As a result of the extreme weather over recent weeks I’ve taken a couple of calls from owners who have experienced dampness penetrating through solid walls as a result of driving rain. You’d think that a 215mm thick solid brick wall would provide a sufficient barrier to rain but often defects will arise which means that’s not the case.
When investigating such a scenario the first step is to rule out other possible causes; the most obvious one being leaking gutters. In my experience leaking gutters, hopper heads or downpipes are by far the most common cause of dampness in period properties. As the homeowner only tends to notice the internal symptoms (damp patches, mould growth etc.) it’s also possible that the problem has originated internally in the form of condensation.
Once it has been established that rainwater must be penetrating directly through the wall the condition of that wall should be examined closely. Start with the mortar joints, most solid brick walls were built using lime mortar which has some excellent qualities (such as the ability to self-heal) but over a long period it will become crumbly (often described as ‘friable’ by surveyors).
If the mortar joints have eroded a program of re-pointing should make the wall water-tight again. It’s always best to replicate the original materials when undertaking repairs such as this so with solid brick walls that’s likely to be lime mortar.
If the mortar joints are not defective the problem may lie with the bricks themselves. Most bricks are porous so water is absorbed during wet weather and evaporates later. The risk is that during a prolonged wet period the temperature drops below zero and the water freezes while still in the brick. The expansion of the frozen water particles can damage the surface of the brick and in extreme cases cause it to delaminate (described as ‘spalling’ by surveyors).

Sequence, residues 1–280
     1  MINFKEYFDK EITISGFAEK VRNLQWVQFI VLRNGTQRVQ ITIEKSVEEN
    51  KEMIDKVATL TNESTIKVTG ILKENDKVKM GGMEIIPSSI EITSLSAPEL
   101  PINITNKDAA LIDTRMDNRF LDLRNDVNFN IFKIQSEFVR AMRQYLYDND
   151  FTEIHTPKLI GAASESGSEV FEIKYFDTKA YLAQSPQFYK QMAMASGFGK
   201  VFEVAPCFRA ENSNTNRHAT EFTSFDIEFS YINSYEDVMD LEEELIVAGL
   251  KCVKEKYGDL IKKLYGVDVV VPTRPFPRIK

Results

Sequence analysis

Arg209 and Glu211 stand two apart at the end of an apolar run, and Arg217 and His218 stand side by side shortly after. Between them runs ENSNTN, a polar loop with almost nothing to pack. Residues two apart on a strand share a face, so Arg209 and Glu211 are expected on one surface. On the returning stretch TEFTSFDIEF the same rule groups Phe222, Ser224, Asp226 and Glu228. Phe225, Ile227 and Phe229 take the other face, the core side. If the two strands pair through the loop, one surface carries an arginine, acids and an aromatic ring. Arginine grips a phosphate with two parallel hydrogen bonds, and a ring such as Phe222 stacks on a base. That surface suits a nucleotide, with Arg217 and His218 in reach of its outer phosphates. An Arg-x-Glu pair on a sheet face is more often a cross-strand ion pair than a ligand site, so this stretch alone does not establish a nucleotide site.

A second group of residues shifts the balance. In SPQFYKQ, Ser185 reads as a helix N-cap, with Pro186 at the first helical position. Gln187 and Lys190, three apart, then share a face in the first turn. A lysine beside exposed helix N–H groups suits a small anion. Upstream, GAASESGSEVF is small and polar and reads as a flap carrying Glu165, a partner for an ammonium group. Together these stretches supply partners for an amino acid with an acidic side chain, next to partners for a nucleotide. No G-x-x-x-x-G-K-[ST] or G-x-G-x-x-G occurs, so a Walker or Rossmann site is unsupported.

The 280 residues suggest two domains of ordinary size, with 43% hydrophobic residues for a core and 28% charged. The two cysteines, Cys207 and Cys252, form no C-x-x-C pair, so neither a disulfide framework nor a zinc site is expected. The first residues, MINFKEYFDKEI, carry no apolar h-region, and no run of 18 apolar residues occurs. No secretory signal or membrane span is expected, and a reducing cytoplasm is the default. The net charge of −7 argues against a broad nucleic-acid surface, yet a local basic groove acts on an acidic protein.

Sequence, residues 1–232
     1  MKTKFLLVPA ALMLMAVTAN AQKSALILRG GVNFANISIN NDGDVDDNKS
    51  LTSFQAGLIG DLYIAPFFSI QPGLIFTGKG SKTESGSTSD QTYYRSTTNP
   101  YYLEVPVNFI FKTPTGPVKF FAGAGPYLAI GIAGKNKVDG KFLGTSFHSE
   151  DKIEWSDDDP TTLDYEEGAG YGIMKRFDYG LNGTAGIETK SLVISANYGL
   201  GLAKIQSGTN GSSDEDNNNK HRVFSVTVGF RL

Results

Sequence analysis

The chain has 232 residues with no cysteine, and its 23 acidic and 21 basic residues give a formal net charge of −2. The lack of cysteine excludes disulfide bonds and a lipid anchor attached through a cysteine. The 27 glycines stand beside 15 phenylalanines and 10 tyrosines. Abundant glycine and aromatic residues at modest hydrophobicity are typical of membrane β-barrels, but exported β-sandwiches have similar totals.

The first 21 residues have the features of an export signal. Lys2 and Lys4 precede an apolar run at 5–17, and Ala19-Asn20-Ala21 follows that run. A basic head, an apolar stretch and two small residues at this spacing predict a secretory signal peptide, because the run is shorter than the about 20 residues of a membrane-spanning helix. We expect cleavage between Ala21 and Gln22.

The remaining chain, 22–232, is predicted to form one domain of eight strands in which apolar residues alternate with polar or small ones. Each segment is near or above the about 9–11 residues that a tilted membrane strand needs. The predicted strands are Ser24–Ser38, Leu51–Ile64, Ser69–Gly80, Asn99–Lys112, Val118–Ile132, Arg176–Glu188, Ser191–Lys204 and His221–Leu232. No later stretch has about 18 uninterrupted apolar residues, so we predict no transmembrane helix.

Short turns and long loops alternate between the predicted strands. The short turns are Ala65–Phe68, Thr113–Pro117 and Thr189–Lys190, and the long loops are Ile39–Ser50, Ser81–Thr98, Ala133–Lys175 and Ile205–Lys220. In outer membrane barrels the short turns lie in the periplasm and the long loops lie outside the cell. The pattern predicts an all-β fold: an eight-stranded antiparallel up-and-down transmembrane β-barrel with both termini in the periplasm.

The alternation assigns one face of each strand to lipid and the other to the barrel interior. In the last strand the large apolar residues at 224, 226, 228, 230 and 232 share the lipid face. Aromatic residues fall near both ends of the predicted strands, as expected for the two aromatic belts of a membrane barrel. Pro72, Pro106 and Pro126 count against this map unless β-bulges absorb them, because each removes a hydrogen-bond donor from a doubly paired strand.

So what are the options if the surface of the bricks becomes damaged?
If you’re not bothered about retaining the brick finish (say if the affected wall is in a less prominent location) render could be applied as a permanent water-proof finish. That would be a cost effective solution and will not require any further maintenance if it is left unpainted. It’s essential that the drying process is controlled to avoid shrinkage cracking and de-bonding later.
If the appearance of the wall must be retained it will be necessary to cut out any affected bricks and replace them with similar second hand stocks. It’s a time consuming, and therefore costly, process but if done properly will reinstate the wall to its original condition. The Brick Development Association maintains a database of bricks and their manufacturers and may be able to help you source a match.
If only light spalling has occurred one possibility would be to apply a sealant. The Brick Development Association and others recommend against such action on the grounds that it may seal in whatever moisture is already present and speed up the deterioration. There are now breathable sealants available to buy but as I’ve not had personal experience of them I’d advise caution.